Quyên Nguyen-Le
June 02, 2016 5:15 pm
Technologies Against Assault / www.youtube.com

Brown University students and science heroes, Richard Park and Bella Okiddy, are making huge strides in making rape kits better, more effective, and less invasive.

With their start up Technologies Against Assault, Richard and Bella are improving sexual assault forensic evidence collection kits (commonly known as rape kits) with biotechnology, including color-changing cotton swabs that would activate upon contact with semen. This could drastically speed up the process by confirming evidence collection during the hospital exam and thus reducing the number of invasive tests conducted by helping medical professionals pinpoint exactly which tests are actually necessary.

Our mission is to use biotechnology to reduce the forensic turnaround time, empowering more survivors of sexual assault to seek medical attention,” say the biomedical engineering students via their fully funded Indiegogo campaign.

The swabs, which would cost about 20 cents more than traditional swabs, work similarly to home pregnancy tests that detect sperm. While the use of their invention would be limited specifically to detecting ejaculation — and additional tests would be required to determine things like DNA matching — their invention is “transformative for the field,” says Heather Aliotta, a sexual-assault nurse examiner at Women & Infants Hospital in Rhode Island.

Park, who is a survivor of sexual assault, saidI want to empower survivors to seek medical attention, not just for [sexually transmitted infections], or potential pregnancies. But also, as the first step in a healing process. I never had that.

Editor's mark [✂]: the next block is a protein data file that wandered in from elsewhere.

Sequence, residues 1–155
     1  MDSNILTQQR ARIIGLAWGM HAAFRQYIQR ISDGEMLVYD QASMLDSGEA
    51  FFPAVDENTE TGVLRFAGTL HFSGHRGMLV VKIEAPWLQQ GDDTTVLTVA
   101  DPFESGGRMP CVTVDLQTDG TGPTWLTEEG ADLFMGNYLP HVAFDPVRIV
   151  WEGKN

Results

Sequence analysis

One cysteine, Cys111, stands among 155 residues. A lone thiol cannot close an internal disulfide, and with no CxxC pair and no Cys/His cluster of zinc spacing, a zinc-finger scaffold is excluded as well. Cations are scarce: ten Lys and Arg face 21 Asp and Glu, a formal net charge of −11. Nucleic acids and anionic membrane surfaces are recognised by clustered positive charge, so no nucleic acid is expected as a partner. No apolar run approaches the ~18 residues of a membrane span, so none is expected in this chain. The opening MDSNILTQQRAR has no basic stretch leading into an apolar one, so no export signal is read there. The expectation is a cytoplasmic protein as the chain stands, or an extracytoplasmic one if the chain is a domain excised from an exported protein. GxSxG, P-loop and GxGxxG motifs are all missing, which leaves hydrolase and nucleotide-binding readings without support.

The process for reporting sexual assault tends to differ by state. Typically, completing a rape kit is one of the first steps after reporting a sexual assault. The kit can consist of several steps, including listening the survivor’s recollection of the incident, photographing visible physical injuries, and gathering biological evidence (which can include invasive steps such as drawing blood, cotton swabbing skin, mouth, vagina, rectal area, under the nail tissue and collecting hair combings).

After that — it’s a waiting game. The nationwide turnaround time for testing rape kits in crime labs ranges from months to years. The reasons for this backlog in testing the kits include lack of resources (on average, it costs between $1,000 and $1,500 to test one rape kit) and lack of legal compulsion to check the kits (according to the Huffington Post, only six states and Washington, D.C., explicitly provide a right for the prompt testing of a rape kit.)

Nationwide, there are at least 144,407 untested rape kits, according to data compiled by The Guardian, and there are no national statistics on how many rape kits have been destroyed without the survivor’s knowledge or consent.

Last year, the Federal government pledged $79 million to eliminate the backlog. The Sexual Assault Survivors’ Rights Act was recently passed by the U.S. Senate, guaranteeing, among other things, that survivors who submit a rape kit would have the right to know where it is and whether it has been tested.

In the meanwhile, Richard Park and Bella Okiddy are hoping to get U.S. Food and Drug Administration approval and have their kits in hospitals by December 2017.

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